1. Pinellas

Largo looks at regulations for short-term rentals

Largo is talking about putting rules in for short-term rentals. [Times (2017)]
Largo is talking about putting rules in for short-term rentals. [Times (2017)]
Published Mar. 7, 2019

LARGO — This may not be a resort town that draws rowdy spring breakers, but its proximity to all things beachy and touristy may lead to an influx of short-term rentals — such as those serviced by Airbnb.

And, of course, with more tourists come more complaints — potential headache-inducing scenarios that city officials are working to prevent from becoming a reality.

State law, however, prohibits local governments from adopting rules prohibiting vacation rentals from operating. With caution, the City Commission recently discussed how it would move forward with an ordinance on short-term rentals.

Proposed regulations included maximum occupancy limits, parking requirements, minimum life/safety requirements and requiring a local "Designated Responsible Party" whose contact information must be posted onsite and can respond to complaints within two hours.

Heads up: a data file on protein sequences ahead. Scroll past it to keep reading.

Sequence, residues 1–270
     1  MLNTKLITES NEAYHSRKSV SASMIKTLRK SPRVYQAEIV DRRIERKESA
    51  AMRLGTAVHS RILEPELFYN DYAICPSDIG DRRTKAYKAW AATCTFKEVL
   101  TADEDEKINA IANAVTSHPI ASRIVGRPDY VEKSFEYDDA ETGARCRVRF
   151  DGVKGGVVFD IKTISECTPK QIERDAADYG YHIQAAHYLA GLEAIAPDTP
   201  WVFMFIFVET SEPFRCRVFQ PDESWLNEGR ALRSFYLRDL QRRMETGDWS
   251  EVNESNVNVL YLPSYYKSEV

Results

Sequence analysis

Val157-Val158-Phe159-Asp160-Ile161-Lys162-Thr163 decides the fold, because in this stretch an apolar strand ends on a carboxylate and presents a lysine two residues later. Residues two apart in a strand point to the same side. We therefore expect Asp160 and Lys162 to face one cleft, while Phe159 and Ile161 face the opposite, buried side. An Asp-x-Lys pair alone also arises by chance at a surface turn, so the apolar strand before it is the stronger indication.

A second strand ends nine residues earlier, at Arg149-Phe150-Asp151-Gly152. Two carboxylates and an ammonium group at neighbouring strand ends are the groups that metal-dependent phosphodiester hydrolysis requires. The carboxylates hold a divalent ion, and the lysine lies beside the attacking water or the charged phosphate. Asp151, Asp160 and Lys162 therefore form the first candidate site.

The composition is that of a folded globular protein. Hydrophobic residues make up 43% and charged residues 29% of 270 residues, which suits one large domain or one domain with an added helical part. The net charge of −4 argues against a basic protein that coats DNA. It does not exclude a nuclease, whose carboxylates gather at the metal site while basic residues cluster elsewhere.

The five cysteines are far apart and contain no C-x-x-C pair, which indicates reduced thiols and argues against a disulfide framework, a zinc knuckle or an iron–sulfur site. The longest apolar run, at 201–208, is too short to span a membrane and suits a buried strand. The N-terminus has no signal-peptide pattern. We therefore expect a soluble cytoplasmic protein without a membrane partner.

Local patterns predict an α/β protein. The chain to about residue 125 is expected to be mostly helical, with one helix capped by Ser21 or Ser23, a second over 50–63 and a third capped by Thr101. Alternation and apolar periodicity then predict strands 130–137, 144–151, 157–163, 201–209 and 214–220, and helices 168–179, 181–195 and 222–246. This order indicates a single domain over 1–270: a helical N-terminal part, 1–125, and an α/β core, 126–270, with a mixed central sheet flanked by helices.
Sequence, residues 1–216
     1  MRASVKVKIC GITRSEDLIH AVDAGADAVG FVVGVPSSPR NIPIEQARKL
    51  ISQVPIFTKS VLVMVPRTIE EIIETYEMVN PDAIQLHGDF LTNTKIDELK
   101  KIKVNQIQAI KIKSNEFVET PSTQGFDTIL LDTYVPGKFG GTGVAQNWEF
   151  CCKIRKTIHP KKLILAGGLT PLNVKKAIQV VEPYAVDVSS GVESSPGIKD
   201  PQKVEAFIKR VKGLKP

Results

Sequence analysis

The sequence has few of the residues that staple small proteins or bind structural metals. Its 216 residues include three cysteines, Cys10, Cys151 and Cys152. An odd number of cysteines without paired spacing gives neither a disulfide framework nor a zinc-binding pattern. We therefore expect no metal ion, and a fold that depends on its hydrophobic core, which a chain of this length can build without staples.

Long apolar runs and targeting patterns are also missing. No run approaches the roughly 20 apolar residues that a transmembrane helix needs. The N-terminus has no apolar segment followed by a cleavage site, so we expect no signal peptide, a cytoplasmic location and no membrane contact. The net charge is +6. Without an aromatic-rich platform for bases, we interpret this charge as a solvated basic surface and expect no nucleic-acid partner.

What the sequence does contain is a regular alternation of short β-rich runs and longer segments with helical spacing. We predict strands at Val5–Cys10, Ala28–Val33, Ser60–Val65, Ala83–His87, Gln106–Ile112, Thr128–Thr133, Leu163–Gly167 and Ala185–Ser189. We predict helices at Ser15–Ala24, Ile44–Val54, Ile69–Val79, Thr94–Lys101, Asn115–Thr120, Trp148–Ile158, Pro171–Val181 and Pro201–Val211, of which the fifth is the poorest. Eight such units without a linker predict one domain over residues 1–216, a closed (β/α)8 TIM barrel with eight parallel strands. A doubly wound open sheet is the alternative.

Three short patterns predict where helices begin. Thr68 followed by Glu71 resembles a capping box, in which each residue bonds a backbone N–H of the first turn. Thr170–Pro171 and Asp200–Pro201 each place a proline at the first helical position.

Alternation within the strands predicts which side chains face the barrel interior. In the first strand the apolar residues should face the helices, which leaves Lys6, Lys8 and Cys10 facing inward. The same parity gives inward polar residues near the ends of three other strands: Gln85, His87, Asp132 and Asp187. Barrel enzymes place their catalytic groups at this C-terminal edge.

Commissioner Curtis Holmes voiced concern that the rentals serve the same function as motels and hotels but might circumvent fire safety requirements imposed on multi-unit commercial establishments.

Assistant City Attorney Nikki Day explained that, according to state law, a short-term rental is still classified as a residence. To impose strict, cost-prohibitive regulations could prevent someone from renting out a home and, as a result, pre-empt the state law that gives property owners the right to provide short-term rentals.

"So, it can look like a duck, walk like a duck and talk like a duck and it's not a duck," Holmes retorted.

City Manager Henry Schubert also shared feedback he received from the Pinellas Realtors Association and a property management organization.

"Both of those representatives thought what we proposed was very reasonable," Schubert said. "Both organizations said the vast majority of people in this business are responsible, and the few that aren't need to be dealt with."

Day said staff would complete the ordinance and likely bring it back to the commission for first reading in March.


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